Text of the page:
I was glad to see the next town of El Acebo just ahead, and as I coming in there are two bars one on either side of the street, and there were pilgrims I knew at both. Now being a good Irish girl I plumped for the one in the shade. But one of the girls had fallen on the steep stoney path and had a nasty gash on her knee and had also hit her head. Now she was a nurse and got herself bandaged up but I think it was a shock too. I chose the bar on the right - La Posada del peregrino which had a nice terrace area. A coffee and chatting to other pilgrims was good.
I started down the main street of the road, the town is basically a main street and a few squares off it. But it was a very pretty village, with stone houses and wooden balconies- a small mountain town. Apparently that in the middle ages, the residents of this village had the responsiblity to maintain 800 posts to help pilgrims find their way across the mountians in poor weather and snow, which meant they got a tax exemption. Suggesting how important pilgrims were in that period, while modern pilgrims are catered for by this village with coffee, food and accomodation.To be honest, it looked like a really nice place to have stopped for the night. I refilled my water bottle at the water fountain. But both of the chapels in the town were locked. As I was leaving the town, I bumped into two pilgrims I had been talking to coming down into El Acebo, they were heading back up the hill into the village. They were carrying a small golden labrador puppy- it had apparently followed another pilgrim, but it was such a small thing it got exhausted quickly, and they rescued it taking it up to the village so someone could help it get home- it was a very cute little puppy.
From here we walked mainly along the road, and then one fairly broad path that shortcutted a huge bend in the road. Though downhill it wasn't steep. Then we reached Riego De Ambros, which was a really sleepy village in comparison to El Acebo, as more pilgrims had stopped for refreshment at El Acebo just slightly further up the mountain. The path here were down a really steep and rocky section at this village down to picking a path over a stream. I thought from my guide that the descent from here was fairly straightforward, and at first it was gently enough but then after crossing the road again the path got steeper again. I knew it was not that far to Molineseca, but it was hot and sunny and I found the few spots of shade to take a rest. I really wish I had done what some of the other pilgrims did when they decided to follow the road instead. Finally we came down onto the road just above Molineseca, but even this last few hundred metres past the chapel, and down to the bridge seemed like punishment. But as I crossed the medieval stone bridge into the main part of the town, I spotted a huge group of pilgrims I had met sitting at a bar beside the river. Perfect! I knew I was finished for the day, a a tinto verrano and a salad later I was feeling much better.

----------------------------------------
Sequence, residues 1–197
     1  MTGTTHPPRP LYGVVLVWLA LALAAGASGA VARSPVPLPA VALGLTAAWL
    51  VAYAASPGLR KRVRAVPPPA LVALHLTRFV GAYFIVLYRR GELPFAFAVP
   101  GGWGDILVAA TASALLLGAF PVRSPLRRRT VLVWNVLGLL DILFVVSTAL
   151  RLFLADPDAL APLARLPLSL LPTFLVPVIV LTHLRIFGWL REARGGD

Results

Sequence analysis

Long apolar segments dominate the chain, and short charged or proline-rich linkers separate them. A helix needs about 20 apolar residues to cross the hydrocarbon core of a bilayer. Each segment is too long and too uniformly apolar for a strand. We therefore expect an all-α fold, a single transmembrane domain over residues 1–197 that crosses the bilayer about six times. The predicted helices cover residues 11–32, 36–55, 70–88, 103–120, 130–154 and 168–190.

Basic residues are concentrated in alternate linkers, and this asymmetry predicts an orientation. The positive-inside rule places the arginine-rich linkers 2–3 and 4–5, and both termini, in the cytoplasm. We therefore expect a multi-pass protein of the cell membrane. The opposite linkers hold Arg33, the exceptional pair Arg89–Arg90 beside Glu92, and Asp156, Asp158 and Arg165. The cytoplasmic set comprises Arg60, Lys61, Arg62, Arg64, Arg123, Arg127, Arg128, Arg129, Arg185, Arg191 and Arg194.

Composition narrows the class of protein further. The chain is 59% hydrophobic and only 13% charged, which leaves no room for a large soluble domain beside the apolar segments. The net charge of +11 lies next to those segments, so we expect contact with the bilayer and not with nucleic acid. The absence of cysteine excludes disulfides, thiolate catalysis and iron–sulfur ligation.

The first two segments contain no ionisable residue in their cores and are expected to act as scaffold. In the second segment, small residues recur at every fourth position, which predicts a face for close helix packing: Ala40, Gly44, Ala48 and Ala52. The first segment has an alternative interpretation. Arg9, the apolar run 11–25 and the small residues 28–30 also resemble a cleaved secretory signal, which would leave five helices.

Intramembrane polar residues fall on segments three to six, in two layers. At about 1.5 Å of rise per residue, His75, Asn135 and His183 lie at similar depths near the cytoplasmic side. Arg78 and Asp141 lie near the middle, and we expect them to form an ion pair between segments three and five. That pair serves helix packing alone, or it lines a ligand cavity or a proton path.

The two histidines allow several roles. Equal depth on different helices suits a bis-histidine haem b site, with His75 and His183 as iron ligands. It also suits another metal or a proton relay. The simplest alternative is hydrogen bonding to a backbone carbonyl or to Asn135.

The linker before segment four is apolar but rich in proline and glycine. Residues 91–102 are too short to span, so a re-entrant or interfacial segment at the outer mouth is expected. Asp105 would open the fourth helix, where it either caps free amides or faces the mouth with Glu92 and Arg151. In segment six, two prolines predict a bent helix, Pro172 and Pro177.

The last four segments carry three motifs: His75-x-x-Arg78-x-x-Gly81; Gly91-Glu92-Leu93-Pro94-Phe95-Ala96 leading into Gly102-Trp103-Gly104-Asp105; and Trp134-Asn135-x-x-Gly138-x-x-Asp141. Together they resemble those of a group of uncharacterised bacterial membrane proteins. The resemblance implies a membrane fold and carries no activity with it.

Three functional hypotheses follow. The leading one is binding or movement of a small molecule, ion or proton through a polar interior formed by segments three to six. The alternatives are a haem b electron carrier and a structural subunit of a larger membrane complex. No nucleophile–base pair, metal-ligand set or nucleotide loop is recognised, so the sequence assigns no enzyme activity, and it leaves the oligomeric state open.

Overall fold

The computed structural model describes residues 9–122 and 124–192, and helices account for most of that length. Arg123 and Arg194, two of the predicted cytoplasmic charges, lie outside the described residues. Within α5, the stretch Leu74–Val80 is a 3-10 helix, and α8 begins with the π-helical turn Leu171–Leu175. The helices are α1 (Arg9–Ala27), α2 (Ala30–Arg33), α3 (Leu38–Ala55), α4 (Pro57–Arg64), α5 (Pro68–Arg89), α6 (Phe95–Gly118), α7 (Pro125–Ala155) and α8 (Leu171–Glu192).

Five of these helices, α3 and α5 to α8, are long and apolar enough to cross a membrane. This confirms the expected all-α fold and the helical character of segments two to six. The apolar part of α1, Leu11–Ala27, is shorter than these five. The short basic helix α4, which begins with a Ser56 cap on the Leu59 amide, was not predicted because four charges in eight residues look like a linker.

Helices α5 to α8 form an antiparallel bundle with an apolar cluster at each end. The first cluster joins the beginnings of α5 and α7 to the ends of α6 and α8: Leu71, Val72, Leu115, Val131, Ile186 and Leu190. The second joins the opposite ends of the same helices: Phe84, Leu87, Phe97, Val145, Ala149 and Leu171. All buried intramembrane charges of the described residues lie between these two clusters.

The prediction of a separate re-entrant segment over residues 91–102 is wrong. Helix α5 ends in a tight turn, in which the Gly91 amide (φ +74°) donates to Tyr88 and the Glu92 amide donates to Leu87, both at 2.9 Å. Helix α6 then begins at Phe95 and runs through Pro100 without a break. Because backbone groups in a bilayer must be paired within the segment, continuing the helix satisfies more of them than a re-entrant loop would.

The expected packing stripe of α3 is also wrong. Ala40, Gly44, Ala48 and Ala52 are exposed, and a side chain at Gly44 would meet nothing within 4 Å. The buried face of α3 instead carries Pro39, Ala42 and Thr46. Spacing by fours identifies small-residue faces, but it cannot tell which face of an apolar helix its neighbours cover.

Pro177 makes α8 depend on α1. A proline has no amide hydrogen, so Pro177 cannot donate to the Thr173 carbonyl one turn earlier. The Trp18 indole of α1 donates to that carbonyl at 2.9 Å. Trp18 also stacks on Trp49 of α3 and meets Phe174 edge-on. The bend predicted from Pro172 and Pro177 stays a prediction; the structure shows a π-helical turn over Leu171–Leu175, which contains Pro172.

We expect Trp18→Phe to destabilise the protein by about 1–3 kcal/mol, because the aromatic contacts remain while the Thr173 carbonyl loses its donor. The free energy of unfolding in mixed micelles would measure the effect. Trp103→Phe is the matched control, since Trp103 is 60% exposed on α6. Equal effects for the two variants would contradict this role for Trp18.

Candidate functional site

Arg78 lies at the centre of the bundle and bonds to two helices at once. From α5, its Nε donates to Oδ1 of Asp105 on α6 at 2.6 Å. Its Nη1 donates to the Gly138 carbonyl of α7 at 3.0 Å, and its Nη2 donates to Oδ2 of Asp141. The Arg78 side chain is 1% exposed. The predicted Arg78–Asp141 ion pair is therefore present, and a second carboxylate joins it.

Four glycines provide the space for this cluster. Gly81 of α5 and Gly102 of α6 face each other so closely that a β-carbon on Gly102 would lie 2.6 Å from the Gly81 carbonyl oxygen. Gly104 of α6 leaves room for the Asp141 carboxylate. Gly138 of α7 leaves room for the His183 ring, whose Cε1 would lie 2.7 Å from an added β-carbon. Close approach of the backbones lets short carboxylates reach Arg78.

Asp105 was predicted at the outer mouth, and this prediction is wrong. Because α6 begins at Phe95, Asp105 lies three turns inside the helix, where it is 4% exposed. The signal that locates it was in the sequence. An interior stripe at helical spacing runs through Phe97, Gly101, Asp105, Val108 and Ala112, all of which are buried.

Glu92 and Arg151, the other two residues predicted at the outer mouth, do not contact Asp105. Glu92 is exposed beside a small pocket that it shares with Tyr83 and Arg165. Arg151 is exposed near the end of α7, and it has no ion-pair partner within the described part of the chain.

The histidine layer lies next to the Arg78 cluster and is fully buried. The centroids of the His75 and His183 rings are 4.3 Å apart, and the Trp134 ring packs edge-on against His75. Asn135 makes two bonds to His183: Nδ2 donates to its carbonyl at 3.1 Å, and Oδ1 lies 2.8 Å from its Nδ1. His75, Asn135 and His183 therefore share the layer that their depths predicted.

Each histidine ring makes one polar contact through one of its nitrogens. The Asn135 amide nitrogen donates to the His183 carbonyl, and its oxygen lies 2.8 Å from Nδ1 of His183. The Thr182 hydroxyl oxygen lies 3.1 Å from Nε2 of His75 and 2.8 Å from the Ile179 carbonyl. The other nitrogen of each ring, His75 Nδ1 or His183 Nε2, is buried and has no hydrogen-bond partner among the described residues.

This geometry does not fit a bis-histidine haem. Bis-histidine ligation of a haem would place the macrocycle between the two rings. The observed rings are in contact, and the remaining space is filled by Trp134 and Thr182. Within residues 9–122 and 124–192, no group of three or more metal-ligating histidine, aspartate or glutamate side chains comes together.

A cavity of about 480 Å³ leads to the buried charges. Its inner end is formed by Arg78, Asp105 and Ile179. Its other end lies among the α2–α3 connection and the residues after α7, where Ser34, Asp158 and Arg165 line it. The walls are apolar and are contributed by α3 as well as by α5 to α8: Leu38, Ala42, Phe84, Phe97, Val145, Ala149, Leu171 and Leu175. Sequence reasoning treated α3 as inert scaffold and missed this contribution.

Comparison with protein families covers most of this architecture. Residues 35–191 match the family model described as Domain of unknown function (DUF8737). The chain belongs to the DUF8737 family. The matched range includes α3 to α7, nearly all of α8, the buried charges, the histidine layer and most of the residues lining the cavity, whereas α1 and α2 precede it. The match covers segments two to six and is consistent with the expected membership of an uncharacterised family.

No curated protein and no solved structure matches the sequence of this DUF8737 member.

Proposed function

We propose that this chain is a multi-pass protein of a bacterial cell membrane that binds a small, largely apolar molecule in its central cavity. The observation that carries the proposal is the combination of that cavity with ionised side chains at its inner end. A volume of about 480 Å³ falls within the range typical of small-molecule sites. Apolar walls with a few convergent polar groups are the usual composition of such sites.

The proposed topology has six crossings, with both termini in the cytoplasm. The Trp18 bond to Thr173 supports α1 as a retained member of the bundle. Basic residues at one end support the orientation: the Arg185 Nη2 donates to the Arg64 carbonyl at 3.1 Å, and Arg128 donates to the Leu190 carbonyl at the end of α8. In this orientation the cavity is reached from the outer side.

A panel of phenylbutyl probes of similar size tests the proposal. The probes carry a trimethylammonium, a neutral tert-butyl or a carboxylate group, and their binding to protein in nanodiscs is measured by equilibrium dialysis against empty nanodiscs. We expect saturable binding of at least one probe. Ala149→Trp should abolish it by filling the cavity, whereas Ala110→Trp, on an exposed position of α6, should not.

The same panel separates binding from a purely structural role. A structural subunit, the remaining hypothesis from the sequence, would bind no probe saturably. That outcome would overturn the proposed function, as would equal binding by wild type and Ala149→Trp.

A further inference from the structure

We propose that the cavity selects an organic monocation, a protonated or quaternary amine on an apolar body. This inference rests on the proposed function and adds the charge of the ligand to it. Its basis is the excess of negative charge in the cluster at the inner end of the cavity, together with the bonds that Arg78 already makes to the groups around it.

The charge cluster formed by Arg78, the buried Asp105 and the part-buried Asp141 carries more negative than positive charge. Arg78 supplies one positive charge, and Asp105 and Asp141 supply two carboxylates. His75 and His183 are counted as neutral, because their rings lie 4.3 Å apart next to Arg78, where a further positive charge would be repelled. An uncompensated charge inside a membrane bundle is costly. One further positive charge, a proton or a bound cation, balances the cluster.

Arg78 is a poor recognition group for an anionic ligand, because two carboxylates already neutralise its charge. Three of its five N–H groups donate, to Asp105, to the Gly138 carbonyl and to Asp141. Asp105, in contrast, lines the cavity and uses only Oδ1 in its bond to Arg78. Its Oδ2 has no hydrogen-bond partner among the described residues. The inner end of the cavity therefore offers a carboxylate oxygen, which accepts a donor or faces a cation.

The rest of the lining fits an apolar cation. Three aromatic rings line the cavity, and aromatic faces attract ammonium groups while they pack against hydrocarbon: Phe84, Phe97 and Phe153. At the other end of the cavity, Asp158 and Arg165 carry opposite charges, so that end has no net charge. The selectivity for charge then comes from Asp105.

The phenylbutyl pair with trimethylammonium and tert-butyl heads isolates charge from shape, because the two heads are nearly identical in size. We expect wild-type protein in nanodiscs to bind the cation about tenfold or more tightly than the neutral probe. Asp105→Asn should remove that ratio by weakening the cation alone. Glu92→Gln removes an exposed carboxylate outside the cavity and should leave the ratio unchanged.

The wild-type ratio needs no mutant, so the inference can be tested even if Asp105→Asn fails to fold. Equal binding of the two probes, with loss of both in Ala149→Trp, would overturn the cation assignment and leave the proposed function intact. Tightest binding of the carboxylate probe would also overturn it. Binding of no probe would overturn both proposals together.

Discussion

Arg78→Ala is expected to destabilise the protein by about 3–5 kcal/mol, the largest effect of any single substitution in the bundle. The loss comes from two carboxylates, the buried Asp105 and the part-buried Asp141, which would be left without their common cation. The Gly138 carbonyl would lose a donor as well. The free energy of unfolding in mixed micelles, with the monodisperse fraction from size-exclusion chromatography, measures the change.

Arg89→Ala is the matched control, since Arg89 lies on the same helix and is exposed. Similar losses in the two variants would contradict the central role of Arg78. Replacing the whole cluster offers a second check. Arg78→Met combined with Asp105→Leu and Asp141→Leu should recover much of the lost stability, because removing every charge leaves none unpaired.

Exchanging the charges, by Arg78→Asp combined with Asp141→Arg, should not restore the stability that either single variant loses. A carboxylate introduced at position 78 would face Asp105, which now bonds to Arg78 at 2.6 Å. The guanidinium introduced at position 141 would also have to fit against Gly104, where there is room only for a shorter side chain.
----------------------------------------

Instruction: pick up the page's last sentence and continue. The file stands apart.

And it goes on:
Most of the rest had decided to walk on, even in the baking afternoon heat to Ponferrada as they had started that morning in Foncebadon, however as I had started in Rabanal and the heat was too much for me, I decided to stay here, and the nurse who had fallen decided to join me. So we went to find the albergue, which was at the far end of the town, the first one we saw was Santa Maria. But it was over several floors with dorms in the attic and bathrooms in the basement. It quickly made us plan how often we wanted to climb up and down the stairs. Also it was warm in the attic, and the large window did not stay open with the wind that was blowing, though the skylights were fine. But the treat was single beds, no bunks in sight, and plenty of floor space, even between the beds. But it seemed quite an achievement that night to have crossed the mountains that day, but only a handful of pilgrims stopped here, so we had quite a mellow evening, good after a tough day!